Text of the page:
A VET says the Government must act with great care after an inquiry into the animal health industry.
Rhona Warnock, of Donaldson and Partners in Maple Street, Aspley, said pet care costs could rise sharply unless the issue was dealt with carefully.
The inquiry by the Competition Commission said vets did not charge high enough fees and relied for too much of their income on profits from selling medicines.
Mrs Warnock said that Donaldsons, like most practices, had a proportion of clients on low incomes and their position should be protected.
"We would not like to see a situation where clients were afraid to come to us with a problem because of the cost of consultation," she said.
Mrs Warnock added that by making some income from profits on medicines the practice could ensure that people on lower earnings could at least have the opportunity to see a vet and receive advice.
But you wouldn't get that opportunity if people were put off coming through the door in the first place, she said.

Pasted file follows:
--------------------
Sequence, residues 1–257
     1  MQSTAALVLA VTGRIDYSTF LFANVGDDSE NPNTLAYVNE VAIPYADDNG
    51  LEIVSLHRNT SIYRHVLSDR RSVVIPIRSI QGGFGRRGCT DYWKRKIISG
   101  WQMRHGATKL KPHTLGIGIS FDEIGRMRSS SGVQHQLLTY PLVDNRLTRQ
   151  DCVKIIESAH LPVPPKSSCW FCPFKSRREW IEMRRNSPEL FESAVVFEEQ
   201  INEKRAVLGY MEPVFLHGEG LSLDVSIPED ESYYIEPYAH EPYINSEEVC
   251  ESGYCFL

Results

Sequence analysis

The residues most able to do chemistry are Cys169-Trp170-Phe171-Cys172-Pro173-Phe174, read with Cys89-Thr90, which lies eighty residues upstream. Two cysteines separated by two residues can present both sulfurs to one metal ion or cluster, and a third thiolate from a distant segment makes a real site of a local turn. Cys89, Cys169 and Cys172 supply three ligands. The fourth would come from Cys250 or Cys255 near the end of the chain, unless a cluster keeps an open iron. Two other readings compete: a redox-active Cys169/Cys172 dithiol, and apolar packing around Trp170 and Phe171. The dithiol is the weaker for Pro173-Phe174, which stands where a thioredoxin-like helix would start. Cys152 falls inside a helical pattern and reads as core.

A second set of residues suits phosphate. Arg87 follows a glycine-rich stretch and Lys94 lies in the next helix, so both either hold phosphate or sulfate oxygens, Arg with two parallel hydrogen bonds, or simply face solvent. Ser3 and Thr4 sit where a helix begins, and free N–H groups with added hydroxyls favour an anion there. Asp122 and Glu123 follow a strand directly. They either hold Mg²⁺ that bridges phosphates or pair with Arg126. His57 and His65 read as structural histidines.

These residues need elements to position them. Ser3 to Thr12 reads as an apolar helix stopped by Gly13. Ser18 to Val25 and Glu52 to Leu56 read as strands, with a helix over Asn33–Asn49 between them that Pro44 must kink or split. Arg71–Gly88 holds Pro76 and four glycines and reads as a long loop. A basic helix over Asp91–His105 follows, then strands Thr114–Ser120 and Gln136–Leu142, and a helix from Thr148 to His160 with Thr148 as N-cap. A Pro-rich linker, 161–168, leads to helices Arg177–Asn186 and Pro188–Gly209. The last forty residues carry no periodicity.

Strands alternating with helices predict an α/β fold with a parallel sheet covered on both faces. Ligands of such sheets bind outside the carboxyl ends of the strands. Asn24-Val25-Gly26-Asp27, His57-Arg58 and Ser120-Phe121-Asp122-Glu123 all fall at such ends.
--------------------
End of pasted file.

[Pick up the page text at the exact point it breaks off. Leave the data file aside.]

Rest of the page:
"Our main concern is offering the highest possible level of service in the face of social and economic changes which affect pet ownership, the rise of single-parent families, the rising price of property and the fact that many house owners have to buy smaller homes with smaller gardens," she said.
Mrs Warnock spoke out after a major international veterinary conference in the Stresa, Italy.
She was among more than 100 vets from all over the UK who discussed practice management.
The commission inquiry was widely discussed.
Many delegates raised fears that they might be forced to raise their consultation fees if they were no longer able to make sufficient profits from selling medicine.